Although Singer's writings may focus on newborns, some activists see his views as a threat to disabled people of all ages.
Mary Jane Owen, executive director of the National Catholic Office for Persons with Disabilities, told the Register that Singer's appointment offers an excuse for those who seek to denigrate lives of the disabled. Owen contended that Singer's appointment sends a dangerous message not only to disabled students, but all disabled individuals.
“I find it unbelievable that Princeton has appointed Peter Singer,” said Owen. “This man's view that a young pig has more potential to enjoy life than a disabled newborn and a disabled person is odious.”
Owen, who is blind and uses a wheelchair, said Singer's perspectives on the disabled undermine everything the disabled community has been struggling to affirm for several decades and may even violate the Americans with Disabilities Act.
Owen says that by advancing arguments that dehumanize the disabled, Singer undermines the ability of people to combine their strengths and weaknesses to build strong communities. It is by helping each other and feeling needed that people become truly civilized, she said.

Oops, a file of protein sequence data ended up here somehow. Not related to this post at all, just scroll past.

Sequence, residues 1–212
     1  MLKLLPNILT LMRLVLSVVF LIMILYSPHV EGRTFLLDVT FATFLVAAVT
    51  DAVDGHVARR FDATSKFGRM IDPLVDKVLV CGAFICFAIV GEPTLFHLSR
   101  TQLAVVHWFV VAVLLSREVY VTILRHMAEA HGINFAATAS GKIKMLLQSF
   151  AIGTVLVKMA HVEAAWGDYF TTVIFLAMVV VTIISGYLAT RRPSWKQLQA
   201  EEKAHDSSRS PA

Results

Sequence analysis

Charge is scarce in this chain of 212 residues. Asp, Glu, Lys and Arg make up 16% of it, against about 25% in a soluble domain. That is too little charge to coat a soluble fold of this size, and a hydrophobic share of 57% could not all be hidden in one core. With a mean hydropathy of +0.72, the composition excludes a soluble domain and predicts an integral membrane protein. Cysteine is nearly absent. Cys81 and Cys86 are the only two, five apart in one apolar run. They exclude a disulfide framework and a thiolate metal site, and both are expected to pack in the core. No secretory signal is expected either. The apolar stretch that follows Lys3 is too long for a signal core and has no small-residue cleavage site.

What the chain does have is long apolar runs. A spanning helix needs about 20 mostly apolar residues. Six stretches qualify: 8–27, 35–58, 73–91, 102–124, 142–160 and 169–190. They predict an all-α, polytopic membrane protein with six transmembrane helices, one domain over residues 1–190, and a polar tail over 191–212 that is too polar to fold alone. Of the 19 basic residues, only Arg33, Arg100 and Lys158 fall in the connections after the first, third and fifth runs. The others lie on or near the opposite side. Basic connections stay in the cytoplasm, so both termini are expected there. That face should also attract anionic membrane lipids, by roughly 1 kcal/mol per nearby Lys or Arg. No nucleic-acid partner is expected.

“One of the evil things about Peter Singer's views is that he just doesn't grasp the concept of interdependency,” said Owen. “We are meant to be interactive, not autonomous. We need each other.
“We need people with disabilities.
We don't need to kill people with disabilities.”
In his encyclical Evangelium Vitae (the Gospel of LIfe), Pope John Paul II warns about “a misguided pity” toward those who suffer: attitudes that lead people to think they can control life and death: “Euthanasia is sometimes justified by the utilitarian motive of avoiding costs which bring no return and which weigh heavily on society. Thus it is proposed to eliminate malformed babies, the severely handicapped, the disabled, the elderly, especially when they are not self-sufficient, and the terminally ill” (No 15).
He adds in No. 63: “The Church is close to those married couples who, with great anguish and suffering, willingly accept gravely handicapped children. She is also grateful to all those families which, through adoption, welcome children abandoned by their parents because of disabilities or illnesses.”
While Princeton's Harmon says the university has no intention of rescinding Singer's appointment, Students Against Infanticide's Benek says members of the group will continue to mobilize against Singer through the petition drive, educational tables on campus, and the April 17 rally.
Benek is optimistic that the Princeton students and alumni can stop Singer's appointment. He believes the university is already feeling pressure from the appointment in the form of negative publicity and possible fallout from alumni. However, whether or not the students succeed in having Singer's appointment rescinded, Benek sees a bigger picture.
“We don't really think the university cares what students think on this issue,” he said. “But we're going to show them that students do care about this issue. Princeton made a mistake that is still forgivable if only they will rescind their decision to hire Dr. Singer.”
Greg Chesmore writes from Bloomington, Indiana.
- March 21-27, 1999